Spotify Apologized After Calling Justin Bieber A "Latin King"

Photo: Kevin Mazur/One Love Manchester/Getty Images.
Love it or hate it, "Despacito" is set to be the song of the summer. While it's already had its fair share of controversies, the Justin Bieber remix recently came under fire after Spotify promoted the song on Instagram and declared the Canadian singer a "Latin King." Teen Vogue reports that the ad didn't sit well with actual Latinx people and they called for its removal. It looks like fans' pleas were answered, because Spotify released a statement saying that the ad would be removed from all platforms and never used again.
"We made a creative decision to feature Justin Bieber in our ad because we wanted to celebrate 'Despacito' as a key cultural moment when music genres crossover," reads a statement to the New York Daily News. "We realized that this could be seen as culturally insensitive so we have pulled those ads."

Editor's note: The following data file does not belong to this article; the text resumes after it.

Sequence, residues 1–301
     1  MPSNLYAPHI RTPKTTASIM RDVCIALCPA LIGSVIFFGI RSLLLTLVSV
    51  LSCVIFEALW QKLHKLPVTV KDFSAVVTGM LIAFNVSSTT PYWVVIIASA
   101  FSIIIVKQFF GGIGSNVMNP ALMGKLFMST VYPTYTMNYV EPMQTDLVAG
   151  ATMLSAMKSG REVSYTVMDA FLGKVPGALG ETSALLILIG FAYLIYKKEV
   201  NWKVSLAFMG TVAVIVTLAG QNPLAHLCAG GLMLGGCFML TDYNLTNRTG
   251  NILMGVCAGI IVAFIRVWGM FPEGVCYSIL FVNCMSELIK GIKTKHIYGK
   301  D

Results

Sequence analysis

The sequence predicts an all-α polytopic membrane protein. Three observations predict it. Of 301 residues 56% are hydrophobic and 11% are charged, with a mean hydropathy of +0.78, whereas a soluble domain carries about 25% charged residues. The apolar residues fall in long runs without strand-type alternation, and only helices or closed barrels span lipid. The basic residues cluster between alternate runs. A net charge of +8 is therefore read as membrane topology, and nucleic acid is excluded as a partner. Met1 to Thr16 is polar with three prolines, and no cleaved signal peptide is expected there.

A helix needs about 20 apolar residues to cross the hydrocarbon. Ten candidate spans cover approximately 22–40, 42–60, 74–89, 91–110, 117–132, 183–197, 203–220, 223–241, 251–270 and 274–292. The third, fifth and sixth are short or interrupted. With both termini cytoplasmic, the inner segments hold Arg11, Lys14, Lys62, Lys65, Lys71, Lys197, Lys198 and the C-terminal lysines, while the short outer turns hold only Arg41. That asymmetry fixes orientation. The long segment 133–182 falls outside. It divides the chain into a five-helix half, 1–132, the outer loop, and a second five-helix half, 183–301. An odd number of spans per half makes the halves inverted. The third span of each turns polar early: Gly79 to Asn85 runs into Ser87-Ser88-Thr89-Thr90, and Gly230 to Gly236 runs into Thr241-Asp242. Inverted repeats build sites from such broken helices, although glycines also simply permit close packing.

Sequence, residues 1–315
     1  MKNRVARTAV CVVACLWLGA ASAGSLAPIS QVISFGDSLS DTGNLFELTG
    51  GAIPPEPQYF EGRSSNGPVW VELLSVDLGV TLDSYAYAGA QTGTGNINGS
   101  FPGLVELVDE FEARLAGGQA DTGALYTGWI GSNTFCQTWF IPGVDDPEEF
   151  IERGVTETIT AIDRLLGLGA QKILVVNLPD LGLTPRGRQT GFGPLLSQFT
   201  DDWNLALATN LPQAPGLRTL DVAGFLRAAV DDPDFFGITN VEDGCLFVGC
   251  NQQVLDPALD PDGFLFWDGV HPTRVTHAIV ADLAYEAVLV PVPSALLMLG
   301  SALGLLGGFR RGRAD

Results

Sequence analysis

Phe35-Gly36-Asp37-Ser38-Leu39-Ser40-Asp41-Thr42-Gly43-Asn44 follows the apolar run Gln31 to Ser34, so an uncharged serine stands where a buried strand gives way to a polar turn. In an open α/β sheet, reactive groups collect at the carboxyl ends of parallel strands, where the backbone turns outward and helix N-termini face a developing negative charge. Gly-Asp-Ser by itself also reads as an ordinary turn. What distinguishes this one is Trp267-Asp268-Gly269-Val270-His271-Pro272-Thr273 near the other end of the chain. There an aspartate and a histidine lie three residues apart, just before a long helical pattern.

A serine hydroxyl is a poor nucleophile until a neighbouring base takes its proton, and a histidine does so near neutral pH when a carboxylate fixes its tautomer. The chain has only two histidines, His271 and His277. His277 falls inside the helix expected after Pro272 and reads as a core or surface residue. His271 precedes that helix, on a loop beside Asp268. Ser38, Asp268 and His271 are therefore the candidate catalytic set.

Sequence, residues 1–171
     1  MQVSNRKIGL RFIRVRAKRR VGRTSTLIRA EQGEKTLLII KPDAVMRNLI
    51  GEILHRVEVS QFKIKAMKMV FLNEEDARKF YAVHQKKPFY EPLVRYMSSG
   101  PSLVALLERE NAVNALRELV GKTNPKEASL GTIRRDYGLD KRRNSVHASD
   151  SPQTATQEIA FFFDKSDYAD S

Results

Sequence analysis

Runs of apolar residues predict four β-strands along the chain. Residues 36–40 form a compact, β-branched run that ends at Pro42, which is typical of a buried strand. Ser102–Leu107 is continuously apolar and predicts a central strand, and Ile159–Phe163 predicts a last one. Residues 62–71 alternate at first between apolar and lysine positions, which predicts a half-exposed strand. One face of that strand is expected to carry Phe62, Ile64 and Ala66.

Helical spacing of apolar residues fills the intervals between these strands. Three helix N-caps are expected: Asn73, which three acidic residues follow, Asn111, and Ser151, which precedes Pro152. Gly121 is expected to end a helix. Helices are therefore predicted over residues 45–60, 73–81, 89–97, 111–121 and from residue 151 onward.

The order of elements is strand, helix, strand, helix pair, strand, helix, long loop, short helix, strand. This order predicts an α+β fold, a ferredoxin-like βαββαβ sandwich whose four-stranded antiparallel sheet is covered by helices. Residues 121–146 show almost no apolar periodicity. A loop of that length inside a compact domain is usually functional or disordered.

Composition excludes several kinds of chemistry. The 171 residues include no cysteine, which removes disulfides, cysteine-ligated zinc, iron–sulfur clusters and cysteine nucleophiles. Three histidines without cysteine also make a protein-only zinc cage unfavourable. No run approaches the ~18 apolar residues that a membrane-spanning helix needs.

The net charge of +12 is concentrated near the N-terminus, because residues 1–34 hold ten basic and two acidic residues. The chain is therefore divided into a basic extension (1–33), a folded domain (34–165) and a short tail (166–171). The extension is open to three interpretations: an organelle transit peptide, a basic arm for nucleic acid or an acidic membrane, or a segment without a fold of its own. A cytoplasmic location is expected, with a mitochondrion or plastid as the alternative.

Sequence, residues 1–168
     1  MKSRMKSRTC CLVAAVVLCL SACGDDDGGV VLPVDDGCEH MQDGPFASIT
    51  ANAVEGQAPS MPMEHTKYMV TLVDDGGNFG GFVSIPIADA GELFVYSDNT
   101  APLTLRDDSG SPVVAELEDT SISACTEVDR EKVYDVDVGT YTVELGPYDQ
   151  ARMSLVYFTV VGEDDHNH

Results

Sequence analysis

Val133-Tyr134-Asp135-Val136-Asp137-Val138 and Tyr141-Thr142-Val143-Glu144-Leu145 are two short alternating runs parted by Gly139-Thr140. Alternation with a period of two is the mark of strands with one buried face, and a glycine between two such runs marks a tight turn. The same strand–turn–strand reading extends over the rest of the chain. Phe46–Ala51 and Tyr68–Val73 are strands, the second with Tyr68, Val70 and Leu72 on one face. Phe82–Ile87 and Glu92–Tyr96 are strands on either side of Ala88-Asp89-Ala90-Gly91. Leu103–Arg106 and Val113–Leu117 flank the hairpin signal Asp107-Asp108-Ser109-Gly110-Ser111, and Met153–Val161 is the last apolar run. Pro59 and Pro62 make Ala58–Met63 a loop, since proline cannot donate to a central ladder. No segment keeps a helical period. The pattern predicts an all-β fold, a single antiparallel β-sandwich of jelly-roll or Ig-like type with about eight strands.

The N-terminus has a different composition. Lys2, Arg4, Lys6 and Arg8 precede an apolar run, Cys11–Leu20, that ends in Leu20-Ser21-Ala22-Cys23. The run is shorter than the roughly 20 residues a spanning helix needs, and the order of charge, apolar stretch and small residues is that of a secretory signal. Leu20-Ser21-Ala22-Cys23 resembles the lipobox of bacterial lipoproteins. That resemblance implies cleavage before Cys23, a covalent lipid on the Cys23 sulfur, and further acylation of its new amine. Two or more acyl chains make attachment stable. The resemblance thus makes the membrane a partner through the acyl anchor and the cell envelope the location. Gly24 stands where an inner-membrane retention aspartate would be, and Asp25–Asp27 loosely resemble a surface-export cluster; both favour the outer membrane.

Twitter users called out the ad as disrespectful to actual Latinx artists, including Luis Fonsi and Daddy Yankee, who are both on the track alongside Bieber and are actually Latinx (Fonsi and Yankee, née Ramón Luis Ayala Rodríguez, are both Puerto Rican). The ad didn't mention either one, even though the song features Bieber. One user pointed to the fact that the ad "[ignores] every single Latinx artists" by shining the spotlight on Bieber and anointing him the king of a genre he's only dabbled in. Other users simply pointed out the fact that the ad was disrespectful.
Bieber's come under fire before for the track. During a concert, he forgot the words to the song and ad-libbed "blah blah blah" and "burrito" in lieu of his verse. At another concert, he admitted that he didn't know the words. That was met with a water bottle to the face. In those instances, the blame can be put squarely on Bieber, but this time around, Spotify is in the hot seat. Taking the ad down is a step in the right direction, but the streaming service should look to actual Latinx artists if it's looking to crown some royalty.
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